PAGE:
3540P - Student Fund Raising for Charitable Purposes Procedure
Charitable fundraising can be defined as an official, organized effort by student groups to raise money for donation to a specific group, individual or cause.
Each charitable fundraiser must be pre-approved by the building principal.
Approval of the type of activity must be documented on the Fundraising Activity Form.
The intended beneficiary must be identified on the fundraising Activity Form at the time of pre-approval.
The principal will take reasonable steps to insure that the proposed beneficiary is a legitimate charitable organization or cause.
The fundraiser must follow all Issaquah School District guidelines for fundraising.
Money, inventory and other assets must be secured.
Appropriate record keeping forms must be used to document details of the event.
Money must be deposited according to District guidelines.
A financial summary must be completed at the end of the event.
Charitable fundraising is a private activity and District funds cannot be used to offset, front-fund or pre-pay expenses.
All expenses, including start-up costs, must be paid from the proceeds of the fundraiser or by donation.
Note: Reimbursements following the event are allowable if proceeds are sufficient to cover the amount.
The District shall withhold an amount (or otherwise be compensated) for the direct cost of its services when appropriate.
Supporters and prospective customers of the fundraiser must be notified of the intended use of the proceeds, and informed that the proceeds are not ASB funds, but will be held in trust by the District exclusively for the specified purpose(s).
Notification can be on a sign, posted in plain view of where money is exchanged; on preprinted cards that are handed out at the time of a transaction; or affixed to the back of tickets or receipts. (Cards are available through Printing Services.)
The following language must be used for notification.
“Proceeds from this event will be donated to _____________________. Funds collected are not Associated Student Body (ASB) funds, but will be held in trust by the Issaquah School District exclusively for the specified purpose.”
Money should be deposited to the ASB fund. A unique, site-defined code in the 6XXX series of accounts should be used for each event.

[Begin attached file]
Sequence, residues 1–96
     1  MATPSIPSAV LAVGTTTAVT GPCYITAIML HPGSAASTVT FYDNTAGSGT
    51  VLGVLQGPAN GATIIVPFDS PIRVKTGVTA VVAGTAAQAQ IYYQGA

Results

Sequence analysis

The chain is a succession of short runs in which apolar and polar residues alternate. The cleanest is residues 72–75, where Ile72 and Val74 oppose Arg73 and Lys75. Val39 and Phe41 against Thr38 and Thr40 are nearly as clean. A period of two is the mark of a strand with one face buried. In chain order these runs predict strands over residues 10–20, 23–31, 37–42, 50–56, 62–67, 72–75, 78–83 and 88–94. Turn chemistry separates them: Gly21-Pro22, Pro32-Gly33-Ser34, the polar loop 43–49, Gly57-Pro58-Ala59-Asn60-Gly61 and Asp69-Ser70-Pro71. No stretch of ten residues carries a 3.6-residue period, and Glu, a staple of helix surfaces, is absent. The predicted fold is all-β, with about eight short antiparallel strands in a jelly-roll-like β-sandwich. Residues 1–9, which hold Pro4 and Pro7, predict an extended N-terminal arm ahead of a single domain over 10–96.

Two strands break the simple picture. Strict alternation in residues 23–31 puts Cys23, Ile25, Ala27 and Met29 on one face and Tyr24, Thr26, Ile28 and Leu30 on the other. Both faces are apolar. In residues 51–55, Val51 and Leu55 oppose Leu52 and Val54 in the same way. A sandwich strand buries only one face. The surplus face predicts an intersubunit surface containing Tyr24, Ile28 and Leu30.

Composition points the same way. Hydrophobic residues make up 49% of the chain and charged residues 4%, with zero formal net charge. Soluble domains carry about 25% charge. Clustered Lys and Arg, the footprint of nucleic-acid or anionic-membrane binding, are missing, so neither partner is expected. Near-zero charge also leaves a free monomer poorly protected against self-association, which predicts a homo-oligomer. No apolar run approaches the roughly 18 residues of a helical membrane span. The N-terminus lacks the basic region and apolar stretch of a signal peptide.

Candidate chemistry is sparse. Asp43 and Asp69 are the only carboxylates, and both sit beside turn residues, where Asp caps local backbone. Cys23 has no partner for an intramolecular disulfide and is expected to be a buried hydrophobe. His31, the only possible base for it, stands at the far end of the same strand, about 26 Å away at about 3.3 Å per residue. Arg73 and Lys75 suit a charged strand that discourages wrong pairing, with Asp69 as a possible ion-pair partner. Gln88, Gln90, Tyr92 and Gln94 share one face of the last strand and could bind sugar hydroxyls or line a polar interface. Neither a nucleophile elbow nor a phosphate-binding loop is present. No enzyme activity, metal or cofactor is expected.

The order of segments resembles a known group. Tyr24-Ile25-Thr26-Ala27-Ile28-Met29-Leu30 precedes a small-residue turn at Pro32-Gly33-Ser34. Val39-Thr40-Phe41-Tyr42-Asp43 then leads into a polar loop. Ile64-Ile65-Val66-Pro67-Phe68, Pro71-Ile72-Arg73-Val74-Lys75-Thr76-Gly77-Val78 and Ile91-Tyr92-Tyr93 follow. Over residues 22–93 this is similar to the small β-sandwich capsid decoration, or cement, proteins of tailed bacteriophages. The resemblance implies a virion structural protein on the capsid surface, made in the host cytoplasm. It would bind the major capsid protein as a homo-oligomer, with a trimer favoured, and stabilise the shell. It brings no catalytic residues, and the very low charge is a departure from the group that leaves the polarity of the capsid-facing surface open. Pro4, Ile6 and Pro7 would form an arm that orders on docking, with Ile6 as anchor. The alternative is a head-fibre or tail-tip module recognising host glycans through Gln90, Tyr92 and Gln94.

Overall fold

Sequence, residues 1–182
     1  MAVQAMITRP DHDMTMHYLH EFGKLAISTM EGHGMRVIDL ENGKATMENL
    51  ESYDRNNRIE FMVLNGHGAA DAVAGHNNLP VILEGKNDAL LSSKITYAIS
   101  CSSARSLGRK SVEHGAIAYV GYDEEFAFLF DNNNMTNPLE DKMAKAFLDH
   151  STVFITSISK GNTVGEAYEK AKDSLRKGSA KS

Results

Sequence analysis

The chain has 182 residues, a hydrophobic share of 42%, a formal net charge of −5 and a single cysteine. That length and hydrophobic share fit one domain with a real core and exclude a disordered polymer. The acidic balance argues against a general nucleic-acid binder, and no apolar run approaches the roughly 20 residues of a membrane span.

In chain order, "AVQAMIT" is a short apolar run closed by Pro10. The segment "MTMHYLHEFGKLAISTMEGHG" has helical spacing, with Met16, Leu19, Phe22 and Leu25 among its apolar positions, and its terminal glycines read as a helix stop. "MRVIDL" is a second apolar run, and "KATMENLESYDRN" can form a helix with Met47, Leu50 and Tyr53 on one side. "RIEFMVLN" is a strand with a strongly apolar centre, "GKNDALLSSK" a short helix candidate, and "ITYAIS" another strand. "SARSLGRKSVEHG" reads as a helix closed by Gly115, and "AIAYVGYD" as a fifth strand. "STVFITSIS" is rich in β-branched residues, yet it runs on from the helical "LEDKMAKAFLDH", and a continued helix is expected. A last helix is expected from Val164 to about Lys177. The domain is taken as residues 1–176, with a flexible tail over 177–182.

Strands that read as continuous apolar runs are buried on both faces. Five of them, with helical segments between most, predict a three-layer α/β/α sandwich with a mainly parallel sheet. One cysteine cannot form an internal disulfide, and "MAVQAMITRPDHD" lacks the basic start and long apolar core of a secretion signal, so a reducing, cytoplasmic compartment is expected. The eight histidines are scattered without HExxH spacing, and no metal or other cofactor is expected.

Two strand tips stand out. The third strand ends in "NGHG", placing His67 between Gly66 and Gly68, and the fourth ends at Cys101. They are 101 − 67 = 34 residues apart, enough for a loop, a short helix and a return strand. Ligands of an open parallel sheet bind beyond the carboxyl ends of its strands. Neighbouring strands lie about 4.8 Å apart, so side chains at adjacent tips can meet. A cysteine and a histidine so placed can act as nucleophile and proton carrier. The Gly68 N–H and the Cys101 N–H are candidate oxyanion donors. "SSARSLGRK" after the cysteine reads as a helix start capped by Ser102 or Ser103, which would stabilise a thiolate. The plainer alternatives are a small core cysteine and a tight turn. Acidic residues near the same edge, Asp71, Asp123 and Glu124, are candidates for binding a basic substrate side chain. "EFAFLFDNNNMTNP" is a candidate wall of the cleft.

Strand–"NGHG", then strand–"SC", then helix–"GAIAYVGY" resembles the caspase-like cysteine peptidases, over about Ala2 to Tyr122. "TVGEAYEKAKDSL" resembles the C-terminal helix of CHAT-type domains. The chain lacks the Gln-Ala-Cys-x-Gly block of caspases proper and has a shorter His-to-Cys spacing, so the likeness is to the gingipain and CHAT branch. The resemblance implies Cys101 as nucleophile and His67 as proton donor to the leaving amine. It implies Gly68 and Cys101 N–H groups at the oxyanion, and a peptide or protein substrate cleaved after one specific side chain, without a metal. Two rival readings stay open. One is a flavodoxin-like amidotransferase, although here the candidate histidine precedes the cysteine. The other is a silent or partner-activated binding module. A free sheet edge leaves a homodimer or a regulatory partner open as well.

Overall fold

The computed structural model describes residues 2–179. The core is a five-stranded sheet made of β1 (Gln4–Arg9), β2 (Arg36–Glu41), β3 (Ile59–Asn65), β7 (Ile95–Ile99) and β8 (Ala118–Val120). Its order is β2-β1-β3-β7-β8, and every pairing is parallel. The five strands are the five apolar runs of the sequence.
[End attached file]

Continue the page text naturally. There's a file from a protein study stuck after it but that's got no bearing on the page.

Payment of the donation should be processed by warrant requests after completion of the fundraiser.
A copy of the receipts or deposit should be attached to the warrant request as backup documentation and sent to the Accounting Department.
The warrant request may not exceed the amount of funds raised, less any costs incurred.
Prizes should not be purchased using the proceeds of charitable fundraisers. In addition, rebates and commissions on charitable fundraisers are not allowable. These types of incentives diminish the effectiveness of the fundraiser. If students desire to raise funds for a good cause, they should participate for that reason alone and not because they stand to gain personally.
ASB fundraisers and charitable fundraisers must be kept separate. (This means that a percentage of the profits from a single event cannot be divided between charitable purposes and ASB purposes.
Staff members who oversee ASB charitable fundraising activities will serve only as facilitators in the process. Their role is to guide students as they try to understand issues of need in their community and world and make discerning decisions about which corresponding charitable organizations to support. As such, these staff members will annually review and train student leaders in their school’s student-decision making model.
A staff member who oversees ASB charitable fundraising activities should not recommend or advocate for any particular charitable organization; instead, staff members should guide students toward a range of options or provide research tools so that students can make sound decisions based on their own interests.
No staff member who oversees ASB charitable fundraising should benefit from the giving—this is a direct conflict of interest. As such, no ASB or club advisor may oversee students raising money for a charitable organization in which the advisor serves in a position of leadership (board member, treasurer, etc.), especially when the advisor makes direct decisions about how the organization spends the donation